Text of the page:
The 200-watt WAND Festival ($499), by contrast, is a wholly more complicated and much larger affair. Its cabinet measures nearly 15 inches wide and just shy of eight inches tall, with about seven inches of depth from front to back. A trio of 0.75-inch tweeters on the front, left, and right sides of the cabinet are joined by three powered four-inch woofers beneath them, with two passive radiators of similar diameter flanking the active driver array on the front of the enclosure and two more passive radiators on the rear.
Both speakers also feature a handful of features that add to their versatility, the main one being an ad hoc networking mode called Away, which allows you to connect multiple WAND speakers together in multichannel or multizone mode even if you're away from your home network. Then there's the system's extensive file format support, including MP3, ALAC, APE, FLAC, FLAC HD, HLS, WMA Streaming, RTSP, and WAV, at resolutions and bit depths up to 192/24. The Arena and Festival also support several different modes of playback, including the company's Trillium mode (the default mode, with an emphasis on channel separation and overall ambience), the Power mode (which sacrifices a bit of channel separation for some additional oomph), and Left and Right modes that allow you to configure a speaker as either the left or right channel in a true multi-speaker stereo setup.
As RIVA describes it, Trillium is a proprietary process that "upmixes the left/right stereo signal ... and creates a stereophonic image that sounds much larger than the actual speaker size would indicate. The sound system processor creates a broad soundfield by directing the appropriate signals to the three active speakers placed on the left, center and right side of the cabinet. The output of these three speakers allows the sound to mix in-air to create virtual left and right speakers outside the enclosure."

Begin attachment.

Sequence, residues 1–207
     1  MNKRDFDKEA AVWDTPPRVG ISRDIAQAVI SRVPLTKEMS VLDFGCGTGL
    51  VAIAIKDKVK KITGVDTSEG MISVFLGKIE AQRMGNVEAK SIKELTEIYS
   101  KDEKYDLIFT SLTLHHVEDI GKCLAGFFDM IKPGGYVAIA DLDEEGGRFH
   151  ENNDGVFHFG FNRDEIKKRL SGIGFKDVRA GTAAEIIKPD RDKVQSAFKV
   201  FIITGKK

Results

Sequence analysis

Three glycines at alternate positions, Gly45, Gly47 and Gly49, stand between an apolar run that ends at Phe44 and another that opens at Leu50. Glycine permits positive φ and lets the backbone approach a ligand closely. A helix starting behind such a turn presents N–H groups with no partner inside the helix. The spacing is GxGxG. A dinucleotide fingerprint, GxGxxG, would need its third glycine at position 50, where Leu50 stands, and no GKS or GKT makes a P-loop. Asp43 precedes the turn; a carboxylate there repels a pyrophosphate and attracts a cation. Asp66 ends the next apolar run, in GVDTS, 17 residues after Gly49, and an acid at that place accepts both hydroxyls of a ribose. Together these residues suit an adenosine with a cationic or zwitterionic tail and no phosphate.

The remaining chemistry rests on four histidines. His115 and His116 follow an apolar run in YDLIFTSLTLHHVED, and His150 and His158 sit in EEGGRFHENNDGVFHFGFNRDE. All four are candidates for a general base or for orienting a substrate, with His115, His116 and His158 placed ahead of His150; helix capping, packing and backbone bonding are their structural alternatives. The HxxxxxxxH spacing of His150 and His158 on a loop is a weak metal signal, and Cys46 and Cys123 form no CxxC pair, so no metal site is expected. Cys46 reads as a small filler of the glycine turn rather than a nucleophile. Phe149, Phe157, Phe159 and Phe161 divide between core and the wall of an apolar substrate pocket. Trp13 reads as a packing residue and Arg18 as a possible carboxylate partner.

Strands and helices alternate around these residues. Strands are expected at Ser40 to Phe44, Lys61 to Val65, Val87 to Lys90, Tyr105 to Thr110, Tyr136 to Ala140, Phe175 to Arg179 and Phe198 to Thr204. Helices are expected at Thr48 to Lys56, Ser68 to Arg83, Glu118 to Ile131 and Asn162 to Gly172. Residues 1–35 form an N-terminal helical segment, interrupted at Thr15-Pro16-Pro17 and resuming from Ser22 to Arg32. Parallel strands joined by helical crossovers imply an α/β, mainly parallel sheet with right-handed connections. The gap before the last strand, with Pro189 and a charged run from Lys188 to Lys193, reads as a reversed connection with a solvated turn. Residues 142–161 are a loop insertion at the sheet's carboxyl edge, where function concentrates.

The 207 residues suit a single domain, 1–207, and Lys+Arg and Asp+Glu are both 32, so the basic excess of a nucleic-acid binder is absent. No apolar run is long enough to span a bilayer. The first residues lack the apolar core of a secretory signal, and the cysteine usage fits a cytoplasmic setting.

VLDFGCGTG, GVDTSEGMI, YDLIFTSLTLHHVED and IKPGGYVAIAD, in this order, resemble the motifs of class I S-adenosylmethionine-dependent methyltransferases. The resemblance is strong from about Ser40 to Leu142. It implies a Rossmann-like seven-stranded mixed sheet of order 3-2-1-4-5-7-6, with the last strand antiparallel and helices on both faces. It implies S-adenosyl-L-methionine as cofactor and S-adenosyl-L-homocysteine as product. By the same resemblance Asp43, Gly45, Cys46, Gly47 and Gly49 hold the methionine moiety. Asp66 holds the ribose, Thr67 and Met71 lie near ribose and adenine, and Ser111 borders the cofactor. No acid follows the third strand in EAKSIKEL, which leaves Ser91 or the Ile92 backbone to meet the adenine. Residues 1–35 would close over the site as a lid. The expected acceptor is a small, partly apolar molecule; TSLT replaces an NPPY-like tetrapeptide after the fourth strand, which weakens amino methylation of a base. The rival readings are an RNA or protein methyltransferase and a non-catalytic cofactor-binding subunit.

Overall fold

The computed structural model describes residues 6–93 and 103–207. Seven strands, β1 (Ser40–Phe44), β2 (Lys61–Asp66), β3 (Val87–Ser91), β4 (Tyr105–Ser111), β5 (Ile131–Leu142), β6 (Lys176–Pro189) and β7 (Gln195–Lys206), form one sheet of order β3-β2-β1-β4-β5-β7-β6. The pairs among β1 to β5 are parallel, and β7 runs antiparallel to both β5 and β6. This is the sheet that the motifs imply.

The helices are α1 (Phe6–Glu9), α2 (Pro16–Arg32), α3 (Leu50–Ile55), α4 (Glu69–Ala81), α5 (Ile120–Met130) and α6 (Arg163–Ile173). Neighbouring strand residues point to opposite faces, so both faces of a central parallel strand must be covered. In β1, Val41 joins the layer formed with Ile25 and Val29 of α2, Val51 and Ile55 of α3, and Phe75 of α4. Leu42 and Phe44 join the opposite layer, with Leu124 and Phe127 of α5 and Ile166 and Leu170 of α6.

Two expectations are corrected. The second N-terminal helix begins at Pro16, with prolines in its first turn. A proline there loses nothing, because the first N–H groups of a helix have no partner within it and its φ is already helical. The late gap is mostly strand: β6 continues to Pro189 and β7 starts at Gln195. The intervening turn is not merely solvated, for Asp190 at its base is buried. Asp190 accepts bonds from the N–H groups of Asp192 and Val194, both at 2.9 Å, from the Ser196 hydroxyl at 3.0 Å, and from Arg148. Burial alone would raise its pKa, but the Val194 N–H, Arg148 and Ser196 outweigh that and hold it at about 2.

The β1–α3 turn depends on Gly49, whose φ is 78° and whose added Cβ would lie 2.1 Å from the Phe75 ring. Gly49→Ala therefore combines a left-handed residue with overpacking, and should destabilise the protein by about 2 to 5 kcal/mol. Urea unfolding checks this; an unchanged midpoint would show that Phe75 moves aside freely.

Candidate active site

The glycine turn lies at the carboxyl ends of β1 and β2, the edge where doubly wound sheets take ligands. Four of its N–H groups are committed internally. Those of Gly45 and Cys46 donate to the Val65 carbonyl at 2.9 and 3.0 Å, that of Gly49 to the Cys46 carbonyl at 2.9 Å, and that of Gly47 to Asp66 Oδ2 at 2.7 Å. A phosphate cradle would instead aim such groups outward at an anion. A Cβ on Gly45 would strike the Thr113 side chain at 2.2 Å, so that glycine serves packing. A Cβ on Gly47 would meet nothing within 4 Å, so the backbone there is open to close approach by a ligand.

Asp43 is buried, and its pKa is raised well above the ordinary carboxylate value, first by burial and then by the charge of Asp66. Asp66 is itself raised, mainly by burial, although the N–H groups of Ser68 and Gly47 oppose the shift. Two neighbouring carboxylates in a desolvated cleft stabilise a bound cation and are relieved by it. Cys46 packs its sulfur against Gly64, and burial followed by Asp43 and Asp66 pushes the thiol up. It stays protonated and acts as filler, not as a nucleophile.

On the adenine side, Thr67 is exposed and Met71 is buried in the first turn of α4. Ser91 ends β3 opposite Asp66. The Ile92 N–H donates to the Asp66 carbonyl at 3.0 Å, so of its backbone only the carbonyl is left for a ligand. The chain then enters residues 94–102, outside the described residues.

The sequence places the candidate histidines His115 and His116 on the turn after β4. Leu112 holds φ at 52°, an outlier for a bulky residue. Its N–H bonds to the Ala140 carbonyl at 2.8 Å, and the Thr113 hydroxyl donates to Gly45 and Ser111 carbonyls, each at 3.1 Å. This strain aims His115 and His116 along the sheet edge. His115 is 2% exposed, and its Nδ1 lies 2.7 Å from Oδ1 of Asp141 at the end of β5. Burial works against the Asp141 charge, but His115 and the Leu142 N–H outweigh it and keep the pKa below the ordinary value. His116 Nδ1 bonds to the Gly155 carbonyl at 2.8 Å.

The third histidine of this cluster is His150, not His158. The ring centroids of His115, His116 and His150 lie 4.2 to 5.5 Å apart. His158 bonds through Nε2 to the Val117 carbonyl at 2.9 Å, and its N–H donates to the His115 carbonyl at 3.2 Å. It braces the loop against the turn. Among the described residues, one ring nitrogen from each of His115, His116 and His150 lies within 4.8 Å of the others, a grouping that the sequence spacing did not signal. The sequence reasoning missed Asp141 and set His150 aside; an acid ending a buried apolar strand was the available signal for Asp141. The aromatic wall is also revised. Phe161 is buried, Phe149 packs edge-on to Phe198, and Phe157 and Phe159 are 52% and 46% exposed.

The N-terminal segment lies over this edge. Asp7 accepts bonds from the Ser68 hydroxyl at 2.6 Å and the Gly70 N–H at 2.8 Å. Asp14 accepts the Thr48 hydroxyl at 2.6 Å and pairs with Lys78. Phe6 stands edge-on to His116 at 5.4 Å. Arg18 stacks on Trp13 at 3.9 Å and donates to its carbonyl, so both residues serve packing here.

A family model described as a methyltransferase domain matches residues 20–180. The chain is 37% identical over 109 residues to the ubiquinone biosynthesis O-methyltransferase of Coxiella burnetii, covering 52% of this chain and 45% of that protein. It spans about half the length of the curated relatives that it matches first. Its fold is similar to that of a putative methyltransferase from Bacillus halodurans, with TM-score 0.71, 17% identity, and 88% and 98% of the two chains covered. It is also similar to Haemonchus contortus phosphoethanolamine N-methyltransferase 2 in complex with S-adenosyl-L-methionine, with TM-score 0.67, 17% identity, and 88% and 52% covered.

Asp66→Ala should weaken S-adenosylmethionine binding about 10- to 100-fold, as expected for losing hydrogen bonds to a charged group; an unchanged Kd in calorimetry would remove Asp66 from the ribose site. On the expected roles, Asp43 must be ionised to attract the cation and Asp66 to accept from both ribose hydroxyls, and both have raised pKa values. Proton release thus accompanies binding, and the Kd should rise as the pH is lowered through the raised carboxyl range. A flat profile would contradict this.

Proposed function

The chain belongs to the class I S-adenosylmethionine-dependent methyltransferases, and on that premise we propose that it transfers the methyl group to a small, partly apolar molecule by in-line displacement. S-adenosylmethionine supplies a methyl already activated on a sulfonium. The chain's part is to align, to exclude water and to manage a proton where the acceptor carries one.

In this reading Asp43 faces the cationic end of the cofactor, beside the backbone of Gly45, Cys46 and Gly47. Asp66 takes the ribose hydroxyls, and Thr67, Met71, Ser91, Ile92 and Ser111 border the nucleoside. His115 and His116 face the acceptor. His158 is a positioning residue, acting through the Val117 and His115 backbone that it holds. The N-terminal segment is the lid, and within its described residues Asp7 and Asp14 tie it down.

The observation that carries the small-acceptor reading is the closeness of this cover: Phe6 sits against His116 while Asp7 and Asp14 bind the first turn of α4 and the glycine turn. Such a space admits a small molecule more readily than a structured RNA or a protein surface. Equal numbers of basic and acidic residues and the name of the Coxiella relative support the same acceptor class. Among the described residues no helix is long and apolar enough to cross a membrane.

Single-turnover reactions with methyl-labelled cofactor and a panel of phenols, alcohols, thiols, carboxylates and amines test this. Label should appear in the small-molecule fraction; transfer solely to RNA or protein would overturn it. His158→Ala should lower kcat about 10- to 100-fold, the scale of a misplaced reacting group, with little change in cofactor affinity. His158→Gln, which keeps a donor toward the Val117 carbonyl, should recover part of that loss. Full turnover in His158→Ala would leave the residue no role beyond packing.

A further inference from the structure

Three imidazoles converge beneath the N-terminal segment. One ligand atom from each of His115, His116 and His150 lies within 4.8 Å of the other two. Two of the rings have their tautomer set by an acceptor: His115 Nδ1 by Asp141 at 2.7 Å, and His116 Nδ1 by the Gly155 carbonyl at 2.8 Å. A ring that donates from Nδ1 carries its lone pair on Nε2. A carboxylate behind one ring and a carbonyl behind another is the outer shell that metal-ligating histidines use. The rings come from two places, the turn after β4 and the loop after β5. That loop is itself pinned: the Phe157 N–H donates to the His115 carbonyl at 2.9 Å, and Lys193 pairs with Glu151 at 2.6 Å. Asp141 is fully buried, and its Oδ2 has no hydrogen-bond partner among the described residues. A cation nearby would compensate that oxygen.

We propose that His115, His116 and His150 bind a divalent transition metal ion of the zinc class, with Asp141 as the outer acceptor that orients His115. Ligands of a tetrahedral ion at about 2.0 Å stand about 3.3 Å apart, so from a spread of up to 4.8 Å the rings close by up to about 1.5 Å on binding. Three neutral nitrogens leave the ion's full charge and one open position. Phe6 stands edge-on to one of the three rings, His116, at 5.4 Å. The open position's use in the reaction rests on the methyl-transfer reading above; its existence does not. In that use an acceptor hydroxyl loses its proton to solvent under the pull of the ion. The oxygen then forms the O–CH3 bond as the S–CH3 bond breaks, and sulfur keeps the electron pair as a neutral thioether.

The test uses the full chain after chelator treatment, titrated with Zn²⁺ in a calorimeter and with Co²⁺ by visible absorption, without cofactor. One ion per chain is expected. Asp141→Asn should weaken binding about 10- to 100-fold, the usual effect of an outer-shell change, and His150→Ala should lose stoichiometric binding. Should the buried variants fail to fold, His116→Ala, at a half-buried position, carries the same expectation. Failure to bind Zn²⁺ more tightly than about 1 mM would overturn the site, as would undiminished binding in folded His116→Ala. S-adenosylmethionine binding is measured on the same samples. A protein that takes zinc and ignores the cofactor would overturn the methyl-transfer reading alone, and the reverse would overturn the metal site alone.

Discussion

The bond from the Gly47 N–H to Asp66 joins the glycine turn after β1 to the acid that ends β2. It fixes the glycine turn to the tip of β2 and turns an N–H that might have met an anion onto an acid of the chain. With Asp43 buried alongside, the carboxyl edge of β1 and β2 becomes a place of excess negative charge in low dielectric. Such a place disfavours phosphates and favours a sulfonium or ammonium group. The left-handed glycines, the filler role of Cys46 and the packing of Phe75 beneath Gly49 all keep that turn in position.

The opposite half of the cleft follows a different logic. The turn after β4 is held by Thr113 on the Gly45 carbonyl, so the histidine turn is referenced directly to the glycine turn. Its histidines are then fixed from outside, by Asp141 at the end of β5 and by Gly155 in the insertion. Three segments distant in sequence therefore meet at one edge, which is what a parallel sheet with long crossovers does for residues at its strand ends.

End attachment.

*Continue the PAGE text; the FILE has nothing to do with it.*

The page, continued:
With all that, you could be forgiven for thinking that setup of the WAND speakers might be a weensy bit complicated, especially when you notice that proper setup requires two separate apps. That would be an incorrect assumption. Setting up the system is a delightfully uncomplicated, quick, and straightforward process that takes mere minutes.
Why two apps? The Google Home app is used for adding the speakers to the home network, naming them, and setting up any speaker groupings you might want to configure. The process is practically automatic, since the app detects the speakers as soon as they're powered on. If you're setting up multiple speakers, it prompts you to configure the next as soon as one is all configured and ready to rock.
While the Google Home app covers networking and grouping, it doesn't deal with Bluetooth, should you wish to set up a pairing or two. For that, you simply move over to the RIVA WAND app, put your speaker of choice into Bluetooth mode, then poke the appropriate buttons on your mobile device. You can also enable Bluetooth pairing mode via the speakers themselves, by pressing and holding the center button.
Physical setup is just as straightforward. If you want to add a battery pack to the WAND Arena, the connection is intuitively obvious. In my case, I went ahead and attached a couple of lightning cables to the USB ports on each of the speakers--not so much as an input, but more to tap into the charging capabilities of both speakers. And that's pretty much that, unless you want to tinker around with audio modes or multi-speaker stereo setups.